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Abuse gets worse over time, so even relationships that start out perfect can become abusive later. Once the victim gets used to being teased, the partner's behavior gets more and more hurtful. He may say that he "loses control" because of stress, drinking, or anger management problems, but violent behavior is always a choice. You will just get more trapped in the relationship.Dating Violence Starts Early: The best way to escape abuse is to avoid it.Such actions as unwanted touching, forced sex, or even forcing you to dress a certain way or watch others are examples of sexual abuse. It involves any use of words, voice, action, or lack of action meant to control, hurt, or demean you.Emotional abuse can be difficult to identify, but abuse usually involves repeated words and actions.If you are worried about yourself or someone you know, this site can help you learn more about dating violence and how to stay safe. Dating violence happens when one person in a relationship uses abusive behavior to control the other person. It is usually well hidden, and it can be very difficult to talk about.Sexual abuse creates confusion, humiliation, guilt, shame.Safety Planning: Breaking up is hard, and you will probably have mixed feelings about ending your relationship.It's hard to leave a relationship that has been a big part of your life, and it's difficult to break up with someone you care about. Friends are often the most important lifeline available to someone caught in a bad dating relationship.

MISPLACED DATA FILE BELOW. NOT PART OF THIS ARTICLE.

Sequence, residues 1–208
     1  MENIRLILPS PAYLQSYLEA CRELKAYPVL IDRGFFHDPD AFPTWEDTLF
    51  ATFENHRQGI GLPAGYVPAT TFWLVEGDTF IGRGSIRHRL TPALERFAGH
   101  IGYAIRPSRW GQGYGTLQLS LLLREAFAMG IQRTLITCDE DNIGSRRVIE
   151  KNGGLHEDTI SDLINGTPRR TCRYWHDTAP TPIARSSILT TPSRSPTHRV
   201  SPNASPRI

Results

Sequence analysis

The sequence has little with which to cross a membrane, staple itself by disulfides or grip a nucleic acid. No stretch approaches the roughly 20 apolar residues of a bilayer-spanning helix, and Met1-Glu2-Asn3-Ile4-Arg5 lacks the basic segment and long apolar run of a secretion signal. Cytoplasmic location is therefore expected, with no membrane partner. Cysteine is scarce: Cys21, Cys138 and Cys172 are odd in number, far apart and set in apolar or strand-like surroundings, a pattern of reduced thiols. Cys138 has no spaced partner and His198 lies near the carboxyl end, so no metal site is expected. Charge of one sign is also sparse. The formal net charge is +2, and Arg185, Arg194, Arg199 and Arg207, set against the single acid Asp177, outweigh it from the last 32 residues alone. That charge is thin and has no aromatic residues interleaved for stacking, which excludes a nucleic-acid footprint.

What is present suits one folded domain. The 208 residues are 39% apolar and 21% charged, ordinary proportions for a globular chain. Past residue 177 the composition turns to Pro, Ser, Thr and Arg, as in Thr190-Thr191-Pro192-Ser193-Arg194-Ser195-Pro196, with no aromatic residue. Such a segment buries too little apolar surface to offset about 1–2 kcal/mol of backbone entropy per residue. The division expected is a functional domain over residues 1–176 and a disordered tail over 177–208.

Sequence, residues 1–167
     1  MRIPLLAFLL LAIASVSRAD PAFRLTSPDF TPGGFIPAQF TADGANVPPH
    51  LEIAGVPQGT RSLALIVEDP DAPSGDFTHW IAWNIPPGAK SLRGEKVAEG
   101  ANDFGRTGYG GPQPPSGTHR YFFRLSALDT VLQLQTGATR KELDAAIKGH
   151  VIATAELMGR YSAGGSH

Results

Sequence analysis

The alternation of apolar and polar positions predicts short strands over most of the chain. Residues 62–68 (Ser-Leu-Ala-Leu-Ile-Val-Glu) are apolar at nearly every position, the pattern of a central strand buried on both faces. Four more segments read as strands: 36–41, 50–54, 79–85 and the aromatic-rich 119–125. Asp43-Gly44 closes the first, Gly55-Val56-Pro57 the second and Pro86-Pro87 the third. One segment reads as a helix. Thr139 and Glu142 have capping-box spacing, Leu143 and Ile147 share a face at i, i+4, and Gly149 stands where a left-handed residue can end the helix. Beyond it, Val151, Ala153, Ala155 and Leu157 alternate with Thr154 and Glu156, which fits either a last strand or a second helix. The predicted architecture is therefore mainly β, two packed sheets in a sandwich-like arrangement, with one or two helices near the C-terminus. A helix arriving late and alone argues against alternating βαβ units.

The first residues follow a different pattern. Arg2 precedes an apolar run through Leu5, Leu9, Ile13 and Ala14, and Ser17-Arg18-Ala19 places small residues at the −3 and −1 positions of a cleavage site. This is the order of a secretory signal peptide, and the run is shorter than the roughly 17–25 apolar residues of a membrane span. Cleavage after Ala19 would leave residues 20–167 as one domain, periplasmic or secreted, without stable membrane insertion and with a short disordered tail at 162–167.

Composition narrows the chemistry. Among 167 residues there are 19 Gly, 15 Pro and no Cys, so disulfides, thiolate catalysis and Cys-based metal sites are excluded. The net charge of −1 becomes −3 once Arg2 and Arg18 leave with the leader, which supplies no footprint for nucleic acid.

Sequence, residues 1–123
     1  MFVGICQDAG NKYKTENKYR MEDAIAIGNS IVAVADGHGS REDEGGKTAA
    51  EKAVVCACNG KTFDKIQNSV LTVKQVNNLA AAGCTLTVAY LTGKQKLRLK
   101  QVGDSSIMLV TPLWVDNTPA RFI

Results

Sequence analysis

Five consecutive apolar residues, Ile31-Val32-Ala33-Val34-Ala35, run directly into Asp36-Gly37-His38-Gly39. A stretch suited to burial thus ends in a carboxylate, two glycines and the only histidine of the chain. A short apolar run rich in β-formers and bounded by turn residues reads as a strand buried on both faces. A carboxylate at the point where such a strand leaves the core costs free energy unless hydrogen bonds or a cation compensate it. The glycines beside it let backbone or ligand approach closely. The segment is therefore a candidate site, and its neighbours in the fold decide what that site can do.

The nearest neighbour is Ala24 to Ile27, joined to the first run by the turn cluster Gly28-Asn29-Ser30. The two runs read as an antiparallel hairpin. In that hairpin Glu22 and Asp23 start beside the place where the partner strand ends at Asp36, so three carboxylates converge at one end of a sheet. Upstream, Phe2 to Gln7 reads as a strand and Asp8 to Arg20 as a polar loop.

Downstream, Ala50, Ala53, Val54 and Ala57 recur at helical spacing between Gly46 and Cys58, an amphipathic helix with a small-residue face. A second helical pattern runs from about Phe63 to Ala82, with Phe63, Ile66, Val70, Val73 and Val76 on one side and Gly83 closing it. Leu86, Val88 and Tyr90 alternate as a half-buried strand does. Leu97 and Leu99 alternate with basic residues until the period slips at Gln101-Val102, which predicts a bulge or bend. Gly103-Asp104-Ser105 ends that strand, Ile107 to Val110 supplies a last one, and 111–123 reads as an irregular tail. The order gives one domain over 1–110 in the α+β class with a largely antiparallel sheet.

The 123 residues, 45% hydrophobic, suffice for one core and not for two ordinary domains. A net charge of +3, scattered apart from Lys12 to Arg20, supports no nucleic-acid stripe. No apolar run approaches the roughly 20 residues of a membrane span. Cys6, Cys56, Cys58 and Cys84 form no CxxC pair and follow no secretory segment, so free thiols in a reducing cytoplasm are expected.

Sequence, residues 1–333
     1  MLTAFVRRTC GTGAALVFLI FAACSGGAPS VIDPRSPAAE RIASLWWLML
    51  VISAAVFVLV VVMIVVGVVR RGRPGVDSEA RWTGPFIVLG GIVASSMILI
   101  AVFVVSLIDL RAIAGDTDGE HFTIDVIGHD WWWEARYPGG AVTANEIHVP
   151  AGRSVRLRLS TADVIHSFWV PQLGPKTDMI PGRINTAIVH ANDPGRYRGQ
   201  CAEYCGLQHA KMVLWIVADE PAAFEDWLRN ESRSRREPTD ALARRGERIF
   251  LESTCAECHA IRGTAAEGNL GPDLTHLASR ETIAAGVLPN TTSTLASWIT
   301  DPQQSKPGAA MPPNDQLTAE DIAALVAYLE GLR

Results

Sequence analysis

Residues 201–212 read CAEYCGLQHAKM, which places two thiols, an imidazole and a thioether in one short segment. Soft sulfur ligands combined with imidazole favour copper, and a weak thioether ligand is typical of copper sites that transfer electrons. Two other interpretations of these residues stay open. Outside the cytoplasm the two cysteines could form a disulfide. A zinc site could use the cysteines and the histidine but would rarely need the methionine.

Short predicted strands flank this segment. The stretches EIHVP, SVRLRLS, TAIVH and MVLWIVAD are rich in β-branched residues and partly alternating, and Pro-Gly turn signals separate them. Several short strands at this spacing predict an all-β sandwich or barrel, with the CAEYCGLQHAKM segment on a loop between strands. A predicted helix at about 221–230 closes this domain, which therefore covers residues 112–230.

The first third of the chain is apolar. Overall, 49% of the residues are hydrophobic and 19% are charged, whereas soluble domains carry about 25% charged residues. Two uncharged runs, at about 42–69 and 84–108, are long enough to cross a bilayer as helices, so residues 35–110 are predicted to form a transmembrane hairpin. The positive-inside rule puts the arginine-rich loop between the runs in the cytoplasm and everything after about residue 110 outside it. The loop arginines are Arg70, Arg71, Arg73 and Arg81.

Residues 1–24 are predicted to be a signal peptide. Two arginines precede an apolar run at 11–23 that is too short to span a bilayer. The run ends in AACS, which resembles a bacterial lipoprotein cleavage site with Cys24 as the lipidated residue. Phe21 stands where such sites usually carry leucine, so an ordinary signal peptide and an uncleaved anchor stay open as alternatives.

Both partners in a relationship deserve respect, and being a man is about standing up for what is right.
Things to look for: Abuse in relationships does not go away.
Your partner may promise to change or promise to talk to counselors or pastors, but the abuse in relationships gets worse over time. Staying in the relationship will only make you more emotionally and materially attached to your abuser. If a victim of relationship violence is going to be seriously injured or killed, it will most likely happen as that person tries to escape the relationship.
Intimate partner violence (IPV) has been a well examined and documented phenomenon in adults; however, there has not been nearly as much study on violence in adolescent dating relationships, and it is therefore not as well understood.
The research has mainly focused on Caucasian youth, and there are yet no studies which focus specifically on IPV in adolescent same-sex romantic relationships.